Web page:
In 2020, just after the pandemic hit Canada and before the eventual fall of WE Charity, Amanda Maitland, a Black former employee of the organization made headlines for her accusation that WE’s near all-white staff changed her firsthand account of racism in a speech she was hired to deliver at the charity’s signature youth empowerment event.
In a meeting, she was presented with the edited version. She said it was a “watered-down” version of its original, only touching on WE-deemed acceptable topics of cornrows and the Oscars, with a lightened language that skewed the telling of her real lived experience.
It was her story, and yet it was redlined by someone else to tell her what was acceptable to speak about. The approach did not elevate her voice, it attempted to silence it; this caused real harm to the storyteller, evidenced in her media interviews. Then, the fallout impacted the organization’s reputation.
Stories are a powerful medium for social change. As communications and public relations professionals, they’re like a unit of measure for our work; the ability to persuade, engage and inspire action comes down to what story is told, when and where. We drive organizational narratives and rely on firsthand accounts to show impact through testimonials, case studies and speeches like Amanda’s.
We have the power to determine what story is told, but we also have a responsibility to the storyteller. In my research including conversations with storytellers and communication leaders, I’ve compiled these six guidelines for engaging people with lived or living experiences, to offer more impactful storytelling for your organization.
1. Ensure the engagement is mutually beneficial.
When working to incorporate the stories of people with lived and living experiences in your impact storytelling, first consider what benefits will be offered to the person in exchange for their story. Honorariums, gift cards and participatory supports like travel costs and meals should be included in your budget. In the absence of dollar-value offerings, such as an engagement of media interviews, provide added value in terms of media training and profile-building opportunities. Beginning with reciprocity as a guiding value can ensure that your practice is mutually beneficial to your organization and the storyteller.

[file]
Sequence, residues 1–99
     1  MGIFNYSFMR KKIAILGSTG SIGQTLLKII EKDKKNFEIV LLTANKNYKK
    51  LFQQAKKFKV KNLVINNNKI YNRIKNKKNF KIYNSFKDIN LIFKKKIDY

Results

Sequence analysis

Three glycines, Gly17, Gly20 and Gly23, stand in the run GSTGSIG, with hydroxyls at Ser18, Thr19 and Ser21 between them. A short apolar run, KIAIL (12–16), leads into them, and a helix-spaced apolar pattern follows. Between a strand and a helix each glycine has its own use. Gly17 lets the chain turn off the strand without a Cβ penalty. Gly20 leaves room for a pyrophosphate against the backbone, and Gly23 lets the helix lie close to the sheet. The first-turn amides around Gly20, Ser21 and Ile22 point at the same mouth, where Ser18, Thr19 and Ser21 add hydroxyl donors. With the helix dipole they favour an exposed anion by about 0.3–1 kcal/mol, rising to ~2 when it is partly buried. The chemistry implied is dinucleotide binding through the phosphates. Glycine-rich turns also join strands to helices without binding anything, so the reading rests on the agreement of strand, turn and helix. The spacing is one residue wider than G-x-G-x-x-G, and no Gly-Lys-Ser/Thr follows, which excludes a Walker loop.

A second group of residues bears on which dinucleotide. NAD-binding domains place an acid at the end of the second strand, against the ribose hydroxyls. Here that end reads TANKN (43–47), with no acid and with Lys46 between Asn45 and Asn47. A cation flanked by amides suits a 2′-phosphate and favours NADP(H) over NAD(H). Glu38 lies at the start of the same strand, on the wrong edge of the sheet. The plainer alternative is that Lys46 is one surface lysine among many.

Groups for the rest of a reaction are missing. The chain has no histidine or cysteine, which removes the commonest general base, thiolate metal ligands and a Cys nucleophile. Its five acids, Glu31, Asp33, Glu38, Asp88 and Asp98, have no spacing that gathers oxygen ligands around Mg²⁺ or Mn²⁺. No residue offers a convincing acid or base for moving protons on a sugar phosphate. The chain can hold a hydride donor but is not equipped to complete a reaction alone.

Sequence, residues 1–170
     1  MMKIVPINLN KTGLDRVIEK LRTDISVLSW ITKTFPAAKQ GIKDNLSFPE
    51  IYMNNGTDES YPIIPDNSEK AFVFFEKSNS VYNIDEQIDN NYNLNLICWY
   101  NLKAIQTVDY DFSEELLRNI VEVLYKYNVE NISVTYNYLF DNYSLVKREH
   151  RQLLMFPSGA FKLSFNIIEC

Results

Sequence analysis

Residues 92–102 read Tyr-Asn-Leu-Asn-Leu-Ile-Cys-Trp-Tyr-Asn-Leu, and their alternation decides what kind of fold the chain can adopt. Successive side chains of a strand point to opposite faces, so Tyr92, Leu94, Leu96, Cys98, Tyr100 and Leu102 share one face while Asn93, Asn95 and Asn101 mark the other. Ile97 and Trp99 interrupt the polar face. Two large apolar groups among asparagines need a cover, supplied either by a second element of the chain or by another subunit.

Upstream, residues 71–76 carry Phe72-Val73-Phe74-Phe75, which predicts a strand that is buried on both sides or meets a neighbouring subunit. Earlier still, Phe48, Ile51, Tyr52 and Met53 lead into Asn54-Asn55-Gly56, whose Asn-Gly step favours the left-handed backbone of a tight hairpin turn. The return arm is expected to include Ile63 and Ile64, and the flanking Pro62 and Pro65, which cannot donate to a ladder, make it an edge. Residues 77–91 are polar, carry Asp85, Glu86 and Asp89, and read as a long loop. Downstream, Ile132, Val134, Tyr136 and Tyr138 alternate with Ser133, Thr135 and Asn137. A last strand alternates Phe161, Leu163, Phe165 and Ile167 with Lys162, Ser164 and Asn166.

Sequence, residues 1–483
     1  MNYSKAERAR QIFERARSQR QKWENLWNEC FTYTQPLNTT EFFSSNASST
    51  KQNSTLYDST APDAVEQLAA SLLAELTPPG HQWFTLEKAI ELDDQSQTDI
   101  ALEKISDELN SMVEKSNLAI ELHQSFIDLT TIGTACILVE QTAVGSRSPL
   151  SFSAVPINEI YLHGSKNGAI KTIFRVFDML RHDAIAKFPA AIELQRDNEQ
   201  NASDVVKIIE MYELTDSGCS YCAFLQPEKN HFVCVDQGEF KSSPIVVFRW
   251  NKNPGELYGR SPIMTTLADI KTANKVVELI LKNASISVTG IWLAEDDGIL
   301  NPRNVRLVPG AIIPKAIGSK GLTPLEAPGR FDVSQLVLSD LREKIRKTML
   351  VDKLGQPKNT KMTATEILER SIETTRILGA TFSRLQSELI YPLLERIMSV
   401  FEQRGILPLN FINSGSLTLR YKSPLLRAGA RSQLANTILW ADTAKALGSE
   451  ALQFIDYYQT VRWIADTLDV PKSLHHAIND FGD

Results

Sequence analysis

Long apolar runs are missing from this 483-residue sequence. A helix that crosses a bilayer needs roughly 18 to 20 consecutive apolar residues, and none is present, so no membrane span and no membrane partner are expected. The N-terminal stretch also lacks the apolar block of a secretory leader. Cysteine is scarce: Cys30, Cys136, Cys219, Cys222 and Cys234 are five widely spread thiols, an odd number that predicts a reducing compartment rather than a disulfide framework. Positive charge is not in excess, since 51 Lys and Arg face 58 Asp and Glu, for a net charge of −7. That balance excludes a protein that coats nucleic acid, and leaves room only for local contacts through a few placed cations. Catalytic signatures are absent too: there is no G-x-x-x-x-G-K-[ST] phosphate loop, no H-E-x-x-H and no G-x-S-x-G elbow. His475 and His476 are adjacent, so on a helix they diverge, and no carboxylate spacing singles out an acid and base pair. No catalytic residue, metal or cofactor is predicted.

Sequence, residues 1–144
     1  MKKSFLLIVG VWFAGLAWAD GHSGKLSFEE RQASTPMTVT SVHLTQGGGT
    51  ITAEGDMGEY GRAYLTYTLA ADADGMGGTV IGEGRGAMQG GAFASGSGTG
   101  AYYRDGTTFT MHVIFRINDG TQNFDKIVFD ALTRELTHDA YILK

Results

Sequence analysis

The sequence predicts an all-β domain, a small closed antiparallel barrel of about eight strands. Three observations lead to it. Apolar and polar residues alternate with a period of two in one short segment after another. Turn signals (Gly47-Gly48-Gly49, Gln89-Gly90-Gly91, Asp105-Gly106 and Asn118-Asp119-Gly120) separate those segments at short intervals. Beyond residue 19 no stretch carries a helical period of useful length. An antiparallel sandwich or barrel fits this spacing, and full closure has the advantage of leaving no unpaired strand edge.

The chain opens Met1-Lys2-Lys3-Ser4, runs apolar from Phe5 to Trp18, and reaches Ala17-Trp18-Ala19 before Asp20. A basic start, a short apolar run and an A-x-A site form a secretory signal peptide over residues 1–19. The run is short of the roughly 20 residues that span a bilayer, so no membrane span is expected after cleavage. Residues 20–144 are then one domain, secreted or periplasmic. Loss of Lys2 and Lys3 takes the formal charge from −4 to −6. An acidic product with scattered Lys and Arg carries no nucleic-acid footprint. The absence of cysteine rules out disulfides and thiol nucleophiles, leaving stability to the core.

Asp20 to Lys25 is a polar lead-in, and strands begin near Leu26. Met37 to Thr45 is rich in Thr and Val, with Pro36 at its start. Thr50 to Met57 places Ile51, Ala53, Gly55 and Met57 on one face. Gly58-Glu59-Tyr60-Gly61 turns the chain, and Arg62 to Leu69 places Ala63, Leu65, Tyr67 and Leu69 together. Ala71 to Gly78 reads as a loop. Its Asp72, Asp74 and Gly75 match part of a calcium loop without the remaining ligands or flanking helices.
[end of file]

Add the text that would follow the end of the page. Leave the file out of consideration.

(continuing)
2. Collaborate on shared goals.
Your collaboration process begins in the ideation stage, not in the editing stage. Collaboration is the work of ensuring your goals for the impact storytelling project are shared and well understood. Social justice circles often reference the saying, “Nothing about us without us.” When determining your project scope, the storyteller should be included in that discussion.
In a pre-interview, ask the storyteller clarifying questions and get to know the story from their perspective. Discuss ways a story can be told and how a story can be leveraged in your impact storytelling strategy. If your organization is seeking a mention, discuss the potential for impact through donations or further support to audiences to come to an understanding of why this is important.
3. Be transparent about story usage and permissions.